On September 14, A.D. 258, Cyprian (c. 195 – 258), bishop of Carthage, was executed for refusing to perform pagan religious rites. The Roman proconsul, Galerius Maximus, had commanded him to worship Roman gods or die. The faithful bishop did not submit, nor did he plead for his life; he simply responded, “I will not.” He then gave Maximus the following instruction: “Do as you have been ordered . . . In so just a matter there is no need for deliberation.”1
Cyprian’s execution epitomized the troubled times in which he lived. He was born in an affluent family in Carthage, North Africa, and was converted in 246. Two years later he hesitatingly accepted the post of bishop at Carthage.2 During the earliest years of his ministry, he hid from persecution by the Roman Emperor Decius, who tried to stamp out Christianity. Decius required all citizens to officially certify their worship of Roman gods. After numerous church members capitulated to Decius’ demands, Cyprian found himself at the center of a debate: should these Christians who “lapsed” be allowed back into the communion of the Church? In general, Cyprian took the middle road; he allowed idolaters to be restored but only after they sincerely repented. This Solomonic solution bolstered his growing reputation.
Cyprian was also respected as a pastor, because he was both heavenly minded and of earthly good. His preaching exhorted people to look beyond “the storms of this distracting world and to find a firm anchorage in the harbour of salvation.”3 His humanitarian efforts, however, helped his city to see that their pastor lived in the real world. When a plague struck Carthage in 252, he mobilized his church to help the victims.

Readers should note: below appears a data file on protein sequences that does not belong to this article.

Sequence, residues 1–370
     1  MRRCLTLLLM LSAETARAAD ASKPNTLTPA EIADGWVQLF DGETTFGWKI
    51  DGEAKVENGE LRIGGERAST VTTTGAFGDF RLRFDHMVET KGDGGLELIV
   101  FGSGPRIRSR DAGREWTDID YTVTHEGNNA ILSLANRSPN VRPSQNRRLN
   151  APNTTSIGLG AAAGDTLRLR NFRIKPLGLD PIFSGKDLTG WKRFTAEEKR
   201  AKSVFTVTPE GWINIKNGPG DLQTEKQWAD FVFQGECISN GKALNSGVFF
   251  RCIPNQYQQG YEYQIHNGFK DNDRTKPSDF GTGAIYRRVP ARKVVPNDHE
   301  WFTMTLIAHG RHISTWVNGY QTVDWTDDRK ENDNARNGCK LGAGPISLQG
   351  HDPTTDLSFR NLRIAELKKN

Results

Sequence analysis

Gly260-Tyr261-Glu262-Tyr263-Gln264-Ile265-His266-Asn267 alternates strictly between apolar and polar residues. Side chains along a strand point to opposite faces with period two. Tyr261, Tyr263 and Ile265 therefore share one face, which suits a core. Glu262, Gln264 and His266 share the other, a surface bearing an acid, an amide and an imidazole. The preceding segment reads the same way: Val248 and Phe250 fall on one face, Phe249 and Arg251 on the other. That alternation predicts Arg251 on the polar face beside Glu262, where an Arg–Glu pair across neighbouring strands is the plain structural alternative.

Such godliness offended the civil authorities. When Maximus told Cyprian he would die by the sword, the bishop’s response was joyous: “Thanks be to God!”4 Escorted behind the proconsul’s home, he removed his own cloak and even attempted to tie a handkerchief over his eyes. In his last moment, Cyprian asked one of his deacons to give the executioner twenty-five pieces of gold. Why this generous act? Cyprian believed his executioner was doing him a favor by hastening his voyage to heaven. When it became clear his life was over, he was happy to go onto glory.
Cyprian refused to be intimidated by the world. He clearly knew the words of Christ: “Do not fear those who kill the body but cannot kill the soul. Rather fear him who can destroy both soul and body in hell” (Matt. 10:28). I pray that by God’s grace we would exhibit the same courageous faith.
1 “The Acts of St. Cyprian,” in The Acts of the Christian Martyrs, trans. Herbert Musurillo (Oxford: Oxford University Press, 1972), 173, 175.
2 Elgin S. Moyer, Great Leaders of the Christian Church (Chicago: Moody Press, 1951), 93.
3 Cyprian, “The World and Its Vanities,” in Fathers of the Church: A Selection from the Writings of the Latin Fathers, trans. F.A. Wright (London: George Routledge and Sons, Ltd., 1928), 109.
4 Cyprian, Acts,173.